LaMancha Dairy Goats
Our herd is comprised of LaMancha dairy goats, known for their mild mannered and sweet temperaments. Their milk is sweet and moderately creamy, making it perfect for drinking, culturing, and cheesemaking. They are also known for their ears - or lack thereof! They do not have upright earflaps like Saanens or Alpines, or droopy ones like Nubians. Their ears are more like humans - just a circle of cartilage. There's an interesting explanation for the distinctive ears that also relates to their hardiness.
The Spanish missionaries that landed on the west coast of the US in the 1500's brought goats with them on their ocean voyages to provide milk and meat. These short-eared goats occasionally showed an "earless" mutation that the missionaries disliked, and so these goats were set loose in the Sierras. Over the next few hundred years, the earless mutation became dominant, and the goats grew hardy adapting to the local climate.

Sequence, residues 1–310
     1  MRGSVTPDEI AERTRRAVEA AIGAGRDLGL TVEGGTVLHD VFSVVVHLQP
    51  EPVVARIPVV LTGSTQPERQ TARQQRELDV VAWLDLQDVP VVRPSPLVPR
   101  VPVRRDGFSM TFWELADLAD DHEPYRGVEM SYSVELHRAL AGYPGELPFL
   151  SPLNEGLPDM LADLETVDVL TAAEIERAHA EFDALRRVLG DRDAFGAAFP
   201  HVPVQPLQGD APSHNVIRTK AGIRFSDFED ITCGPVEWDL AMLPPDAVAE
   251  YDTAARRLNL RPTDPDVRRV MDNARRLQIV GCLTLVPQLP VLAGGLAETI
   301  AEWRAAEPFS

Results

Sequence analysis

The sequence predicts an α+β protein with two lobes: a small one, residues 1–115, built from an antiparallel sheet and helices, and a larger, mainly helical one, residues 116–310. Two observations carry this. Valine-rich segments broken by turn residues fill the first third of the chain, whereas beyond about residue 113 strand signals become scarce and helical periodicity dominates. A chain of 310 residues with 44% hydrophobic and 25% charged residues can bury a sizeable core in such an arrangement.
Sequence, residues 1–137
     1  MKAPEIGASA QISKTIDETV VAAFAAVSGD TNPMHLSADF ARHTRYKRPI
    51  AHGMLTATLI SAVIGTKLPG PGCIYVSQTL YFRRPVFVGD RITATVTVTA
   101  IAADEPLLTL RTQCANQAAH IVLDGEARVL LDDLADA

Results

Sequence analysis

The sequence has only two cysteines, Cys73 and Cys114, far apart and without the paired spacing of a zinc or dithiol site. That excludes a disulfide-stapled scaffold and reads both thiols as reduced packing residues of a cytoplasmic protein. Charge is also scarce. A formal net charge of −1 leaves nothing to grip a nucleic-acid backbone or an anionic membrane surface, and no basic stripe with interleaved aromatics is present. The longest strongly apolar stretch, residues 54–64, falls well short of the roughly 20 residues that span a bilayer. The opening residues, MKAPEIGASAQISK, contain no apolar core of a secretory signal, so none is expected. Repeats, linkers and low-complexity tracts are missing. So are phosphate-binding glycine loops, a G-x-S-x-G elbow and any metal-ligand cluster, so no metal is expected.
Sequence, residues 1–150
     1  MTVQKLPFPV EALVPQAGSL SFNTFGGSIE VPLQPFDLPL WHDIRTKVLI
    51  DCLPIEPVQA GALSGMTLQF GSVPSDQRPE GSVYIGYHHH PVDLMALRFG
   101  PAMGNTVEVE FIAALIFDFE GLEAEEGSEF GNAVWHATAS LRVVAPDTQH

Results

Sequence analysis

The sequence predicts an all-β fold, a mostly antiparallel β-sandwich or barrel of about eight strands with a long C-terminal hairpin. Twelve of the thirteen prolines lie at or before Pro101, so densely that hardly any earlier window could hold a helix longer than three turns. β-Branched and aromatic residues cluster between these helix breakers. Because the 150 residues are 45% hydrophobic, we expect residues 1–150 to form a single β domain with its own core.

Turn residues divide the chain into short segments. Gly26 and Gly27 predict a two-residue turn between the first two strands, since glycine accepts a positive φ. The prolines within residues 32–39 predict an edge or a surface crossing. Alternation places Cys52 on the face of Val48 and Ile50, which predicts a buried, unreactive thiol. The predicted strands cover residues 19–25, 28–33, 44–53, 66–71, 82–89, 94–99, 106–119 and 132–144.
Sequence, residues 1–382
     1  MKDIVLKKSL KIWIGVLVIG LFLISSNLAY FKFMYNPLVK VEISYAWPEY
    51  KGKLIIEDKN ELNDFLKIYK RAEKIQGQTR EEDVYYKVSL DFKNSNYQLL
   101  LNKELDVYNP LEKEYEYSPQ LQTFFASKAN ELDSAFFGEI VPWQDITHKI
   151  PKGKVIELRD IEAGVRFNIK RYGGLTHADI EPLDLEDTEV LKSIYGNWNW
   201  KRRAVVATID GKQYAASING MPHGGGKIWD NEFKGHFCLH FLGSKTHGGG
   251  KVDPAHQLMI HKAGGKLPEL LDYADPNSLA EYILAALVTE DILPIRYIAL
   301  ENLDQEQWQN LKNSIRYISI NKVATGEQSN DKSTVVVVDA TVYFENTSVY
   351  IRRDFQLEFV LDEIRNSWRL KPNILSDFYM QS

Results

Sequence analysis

In the early 1900's, other European immigrants brought Swiss and French Alpine goats with them to California that proved to not be very hardy in that climate. Breeders soon noticed the herds of "feral" goats and thought wisely to breed the more fragile European dairy goats with these nativized Spanish goats, and that is how the "American LaMancha" breed began.
LaMancha bloodlines, being relatively recently established, still show a lot of "hybrid vigor". They tolerate the temperature variations of New England very well, and are easy keepers. The many contributing gene pools lead to goats with sweet creamy milk of high production, medium body size, and variable coloration.
Our founding goats were bred by Linda and Paul Garwacki at Bitterblue Farm in Hampden MA. That's where we got our herd queen, whose registered name is Velveteen, but who welovingly call "Little White Goat". Our herdsires are Little Stevie Wonderbuck, bred at Hurricane PM farm in Oregon, and Deuce, bred at Lucky Star in Port Angeles, WA.